Escape-cation TBR: what’s on your summer reading list?

summer reading on what's inside that nut?

Not quite sure how it happened, but summer appears to be right around the corner, and that means it’s time to starting compiling your Escape-cation Summer Reading List.

All signs are pointing to a long, hot summer, and the rules for summer reading are the same as summer survival: keep it light, layers are good, and remember to hydrate.

Whether you’re hitting the beach, the dock, or the backyard deck, the key to summer reading is to leave the heavy stuff for fall. For keeping-it-light beach/dock/deck reading try these:

The Nest on what's inside that nut?The Nest by Cynthia D’Aprix Sweeney: Over-indulged and dysfunctional, four siblings confront the fear of losing their long-depended-upon inheritance. A well-written story, regardless of the fact that you might want to punch the characters in the head at times.

 

Be Frank with Me on what's inside that nut?Be Frank with Me by Julia Claiborn Johnson: A reclusive author forced to write a book or face destitution, her eccentric, impeccably dressed, socially misfit nine-year-old son Frank, and Alice, who is sent by the publisher to keep the author on track and who is set on unraveling the mysteries behind the unconventional household.

 

My own Keeping-It-Light TBR list contains:

The Yonahlossee Riding Camp for Girls by Anton DiSclafan on what's inside that nut?The Yonahlossee Riding Camp for Girls by Anton DiSclafani. According to Goodreads: “A lush, sexy, evocative debut novel of family secrets and girls’-school rituals, set in the 1930s South. Part scandalous love story, part heartbreaking family drama… a vivid, propulsive novel about sex, love, family, money, class, home, and horses, …”  Sounds like it pretty much covers everything.

 

The Assistants by Camille Perri on what's inside that nut?The Assistants by Camille Perri. “A wry and astute debut about a young Manhattanite whose embezzlement scam turns her into an unlikely advocate for the leagues of overeducated and underpaid assistants across the city.” A little light research for my future embezzlement schemes, I mean, a little light reading.

In fiction as in fashion, layers are always a good idea: you can’t read the same genre all the time. For a side-order of sci-fi, fantasy, and post-apocalyptic adventure, I highly recommend:

The Fold by Peter Clines on what's inside that nut?The Fold by Peter Clines: A sci-fi thriller about the invention of a teleportation machine that folds time and space. The device is deemed “perfectly safe!” so what could possibly go wrong?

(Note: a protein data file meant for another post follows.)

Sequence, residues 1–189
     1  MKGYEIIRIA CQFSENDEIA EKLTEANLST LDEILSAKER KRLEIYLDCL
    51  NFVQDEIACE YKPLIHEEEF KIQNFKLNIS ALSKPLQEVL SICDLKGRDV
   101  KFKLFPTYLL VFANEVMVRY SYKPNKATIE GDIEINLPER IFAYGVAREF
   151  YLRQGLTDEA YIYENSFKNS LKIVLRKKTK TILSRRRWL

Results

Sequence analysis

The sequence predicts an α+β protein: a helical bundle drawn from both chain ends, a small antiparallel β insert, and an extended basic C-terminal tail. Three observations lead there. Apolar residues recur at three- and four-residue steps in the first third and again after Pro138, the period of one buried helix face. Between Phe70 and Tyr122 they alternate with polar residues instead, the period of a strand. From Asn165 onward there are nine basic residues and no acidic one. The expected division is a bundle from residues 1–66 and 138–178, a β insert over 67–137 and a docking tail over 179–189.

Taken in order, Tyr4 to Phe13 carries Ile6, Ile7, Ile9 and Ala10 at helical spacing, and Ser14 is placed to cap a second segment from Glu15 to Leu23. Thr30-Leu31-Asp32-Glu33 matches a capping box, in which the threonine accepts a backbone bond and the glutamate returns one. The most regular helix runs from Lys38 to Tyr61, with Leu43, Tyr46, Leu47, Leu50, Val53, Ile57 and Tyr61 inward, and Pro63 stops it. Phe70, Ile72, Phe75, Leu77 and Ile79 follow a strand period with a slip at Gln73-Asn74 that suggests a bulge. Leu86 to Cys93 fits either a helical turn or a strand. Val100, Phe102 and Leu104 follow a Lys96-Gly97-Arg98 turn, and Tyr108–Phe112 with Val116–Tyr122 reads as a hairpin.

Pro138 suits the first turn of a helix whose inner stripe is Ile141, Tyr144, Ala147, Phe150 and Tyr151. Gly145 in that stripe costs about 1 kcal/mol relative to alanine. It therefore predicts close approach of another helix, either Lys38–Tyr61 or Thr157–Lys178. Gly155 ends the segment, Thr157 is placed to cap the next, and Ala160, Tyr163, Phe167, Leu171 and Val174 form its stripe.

The Waking Fire by Anthony Ryan on what's inside that nut?The Waking Fire by Anthony Ryan: Coming out in July, this is the first book in Ryan’s Draconis Memoria series. Political intrigue, treachery on the high seas, jungle exploration and dragons!

 

 

City of Mirrors by Justin Cronin on what's inside that nut?City of Mirrors by Justin Cronin: The third and final book in Cronin’s Passage trilogy (if you haven’t done so already, go read The Passage and The Twelve.) A thoroughly satisfying conclusion to the post-apocalyptic viral world.

 

 

On my Keeping-It-Layered TBR list:

Horns by Joe Hill on what's inside that nut?Horns by Joe Hill: From Goodreads: “Ignatius Perrish spent the night drunk and doing terrible things. He woke up the next morning with a thunderous hangover, a raging headache . . . and a pair of horns growing from his temples.” Highly recommended by a friend, this horror thriller by Stephen King’s son was made into a movie starring Daniel Radcliffe. I’m intrigued.

 

A Darker Shade of Magic by V. E. Schwab on what's inside that nut?A Darker Shade of Magic by V. E. Schwab: “Kell is one of the last Antari, a rare magician who can travel between parallel worlds… Grey London, dirty, boring, lacking magic, Red London, where life and magic are revered, White London, ruled by whoever has murdered their way to the throne, and the never spoken of Black London… perilous magic is afoot, and treachery lurks at every turn.” Because magic, London, and peril.

Finally, one must stay hydrated, especially since these last three recommendations will have you leaking copious amounts of fluid from the eye ducts…

Me Before You by Jojo Moyes on what's inside that nut?Me Before You by Jojo Moyes: A three hanky read, this one is being made into a movie which I will not be seeing anytime soon because there is only so much crying a girl can take. I’m not one for tear-jerkers, but this book was well-written, and a good cry can be therapeutic sometimes.

 

Me And Earl and the Dying Girl by Jesse Andrews on what's inside that nut?Me And Earl and the Dying Girl  by Jesse Andrews. Another book made into a movie, another keep-the-tissues-handy, but this one is also very funny. I loved this book. I read it in one day and wanted to re-read it the next day. Andrews has a new book out called The Haters, about some kids at jazz camp, which looks to be equally well-written and humorous.

 

On my Keeping-It-Hydrated TBR list:

When Breath Becomes Air by Paul Kalanithi on what's inside that nut?When Breath Becomes Air by Paul Kalanithi. We’re reading this one for book club, and while a book by a dying neurosurgeon would not normally make it to the top of my must-read list (see above re: tear-jerkers) I have been assured that not only is this a fantastic book, it is also more about life than death. I’m only sixteen pages in, but already I’m hooked.

What’s on your Summer Reading List?

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